Liam: We went for a curry with Gem and asked him to join the band. That was it. It wasn't like a fucking job interview - he knew what he had to do and he enjoys it. And that's how it should have been in the beginning, that's what bands should be like - we should have had him in the beginning but we didn't. That's what our band needs, good fucking players instead of just having good songs and good front men or whatever. We just jammed and did loads of fucking covers. We didn't really talk much. We woz happy. Andy Bell's a wicked musician, too, man, they both are.
Noel: When we did those radio shows it was great because it was the first time we'd got to that drunken five o'clock in the morning situation, talking about music and all that. Andy's "Stones, Stones, Stones" all the time and Liam's "Beatles, Beatles, Beatles". There was like a fucking Mexican stand-off one night in a bar. After we got past that one we knew it was going to be fine. When we started rehearsing for the tour it was just amazing.
Did it feel weird without Bonehead and Guigsy? They'd been playing with you since 1992.
Liam: It wasn't weird at all. For me it's straight down the line: if they don't want to be in the band and don't want to play with you then fuck off, see you later. That's what it's about - you're not married to them, are you? It was their band as much as it was ours and if they're not giving fucking 100 per cent then see you later.
Eighteen months down the road, are you any wiser as to why they got out when they did?
Liam: No. I haven't got a clue, 'cos they're not doing anything, are they? If they left the band 'cos they wanted to stay at home, what are they doing? I feel sorry for them. Music is a big part of my life and if it wasn't for that I'd be fucking in the shit. I'd be a right cunt - I'd be banged up or something.
You honestly think that?
Liam: Yeah, I do. I mean, I love Oasis, I love my band, our band's fucking great, the best band in the world when we want to be. But when we want to be we can be fucking idiots. When we put our heads together we are the fucking bollocks and no one can come near us.
Are you still in contact with Bonehead or Guigsy?
Noel: No, but Liam's still in contact with them. They've never actually spoken to me since they left the band I don't know why. I suppose it was weird for Liam because those three were really close and I'd usually be doing my own thing, writing or doing interviews.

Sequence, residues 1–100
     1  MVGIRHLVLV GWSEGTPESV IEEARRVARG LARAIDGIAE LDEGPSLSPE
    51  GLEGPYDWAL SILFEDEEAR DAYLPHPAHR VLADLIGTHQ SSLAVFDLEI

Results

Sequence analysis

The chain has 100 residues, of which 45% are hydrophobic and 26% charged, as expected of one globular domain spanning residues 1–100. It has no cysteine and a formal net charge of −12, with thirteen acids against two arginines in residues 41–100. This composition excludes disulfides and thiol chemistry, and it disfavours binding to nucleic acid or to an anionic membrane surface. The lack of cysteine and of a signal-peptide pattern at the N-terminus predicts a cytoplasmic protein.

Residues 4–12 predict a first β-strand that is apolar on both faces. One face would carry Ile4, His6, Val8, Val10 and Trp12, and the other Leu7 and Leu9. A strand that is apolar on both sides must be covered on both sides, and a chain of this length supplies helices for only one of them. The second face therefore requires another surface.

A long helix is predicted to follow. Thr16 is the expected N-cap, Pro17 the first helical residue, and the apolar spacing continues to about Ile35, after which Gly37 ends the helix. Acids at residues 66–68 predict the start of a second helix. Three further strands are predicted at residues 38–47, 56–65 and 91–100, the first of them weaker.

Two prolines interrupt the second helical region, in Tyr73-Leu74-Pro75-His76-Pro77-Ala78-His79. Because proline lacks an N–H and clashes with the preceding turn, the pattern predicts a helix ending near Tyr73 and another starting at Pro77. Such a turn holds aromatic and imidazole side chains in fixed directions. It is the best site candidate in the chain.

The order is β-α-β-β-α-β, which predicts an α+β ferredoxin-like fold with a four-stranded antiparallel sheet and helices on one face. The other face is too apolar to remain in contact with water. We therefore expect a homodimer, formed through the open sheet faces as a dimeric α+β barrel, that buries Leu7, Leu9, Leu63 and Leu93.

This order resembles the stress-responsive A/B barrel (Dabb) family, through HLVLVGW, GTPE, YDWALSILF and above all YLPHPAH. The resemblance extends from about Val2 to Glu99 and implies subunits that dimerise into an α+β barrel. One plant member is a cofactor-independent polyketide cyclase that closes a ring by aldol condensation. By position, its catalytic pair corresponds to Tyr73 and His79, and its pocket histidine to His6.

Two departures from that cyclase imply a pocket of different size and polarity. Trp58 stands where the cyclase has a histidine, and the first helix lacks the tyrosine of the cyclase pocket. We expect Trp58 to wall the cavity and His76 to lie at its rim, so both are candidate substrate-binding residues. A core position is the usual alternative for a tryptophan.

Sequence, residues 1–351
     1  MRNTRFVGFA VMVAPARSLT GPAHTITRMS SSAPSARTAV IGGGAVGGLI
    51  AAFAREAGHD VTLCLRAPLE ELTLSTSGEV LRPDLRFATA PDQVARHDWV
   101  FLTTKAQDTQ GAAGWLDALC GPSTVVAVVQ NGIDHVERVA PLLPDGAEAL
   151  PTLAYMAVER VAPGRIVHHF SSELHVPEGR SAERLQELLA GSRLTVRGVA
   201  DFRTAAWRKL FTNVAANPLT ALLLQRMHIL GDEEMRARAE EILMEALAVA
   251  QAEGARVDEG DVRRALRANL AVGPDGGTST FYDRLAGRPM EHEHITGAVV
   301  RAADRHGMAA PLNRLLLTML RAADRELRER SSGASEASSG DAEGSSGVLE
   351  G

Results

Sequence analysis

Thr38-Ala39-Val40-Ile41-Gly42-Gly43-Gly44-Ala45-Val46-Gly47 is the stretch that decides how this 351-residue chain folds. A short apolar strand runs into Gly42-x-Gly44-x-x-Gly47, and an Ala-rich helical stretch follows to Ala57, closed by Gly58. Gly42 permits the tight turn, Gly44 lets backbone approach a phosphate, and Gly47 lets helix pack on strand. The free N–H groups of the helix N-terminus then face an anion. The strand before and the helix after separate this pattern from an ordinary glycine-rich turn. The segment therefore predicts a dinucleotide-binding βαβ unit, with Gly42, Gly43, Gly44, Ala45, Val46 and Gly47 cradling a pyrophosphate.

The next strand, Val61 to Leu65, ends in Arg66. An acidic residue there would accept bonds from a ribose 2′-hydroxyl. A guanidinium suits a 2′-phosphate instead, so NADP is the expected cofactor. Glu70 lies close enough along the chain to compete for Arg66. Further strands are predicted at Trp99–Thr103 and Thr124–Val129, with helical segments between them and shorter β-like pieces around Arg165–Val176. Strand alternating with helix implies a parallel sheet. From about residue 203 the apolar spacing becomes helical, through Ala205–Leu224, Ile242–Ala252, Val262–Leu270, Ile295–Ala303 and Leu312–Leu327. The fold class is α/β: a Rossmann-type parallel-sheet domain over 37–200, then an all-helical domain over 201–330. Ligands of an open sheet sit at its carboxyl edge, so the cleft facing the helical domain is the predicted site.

Liam: Have I spoken to them? No. Well, I rang them last Christmas. Every now and then Bonehead will ring me up and go, "Fucking hell, I'm fucking doing this, I'm fucking doing that." But I'm like, (disdainfully) Really, really? I've got nothing in common with them anymore. We never hung out with them anyway. The only time I saw them was when we were on tour. The only thing I had in common with them was the music and now they're not in the band any more. I wish them all the best.
Noel: As soon as we made the decision to carry on it was like, We've got a fucking album, we've got the tour and we've got to go and do it. It was just a case of getting the right people in, and we have. Now it's like we've never had anybody else in the band, y'know what I mean? On previous albums I would write the songs and that would be it. Now everybody chips in. Now I'm saying, What do you think of that? Is it the right arrangement?
FEBRUARY. Standing On The Shoulder Of Giants is released. Some critics regard it as a work of genius, many others (MOJO included) are disappointed by its lyrical shortcomings ("I can see a liar/Sitting by the fire", etc), familiar licks and lack of truly momentous songs. There are, though, some inspired guitar parts and memorable moments: Noel's prophetic Where Did It All Go Wrong?, the anthemic Gas Panic and Liam's first assay at songwriting, the simplistic, heartfelt Little James. The initial album sessions took in March 1998 at Chateau De La Colle Noire, designer Christian Dior's home in the south of France. The band-who were renting the gaff at £32,000 a month-had agreed upon a no-drinking policy for the six-week sojourn, in part to help Liam dry out after the excesses of their 1997 world tour.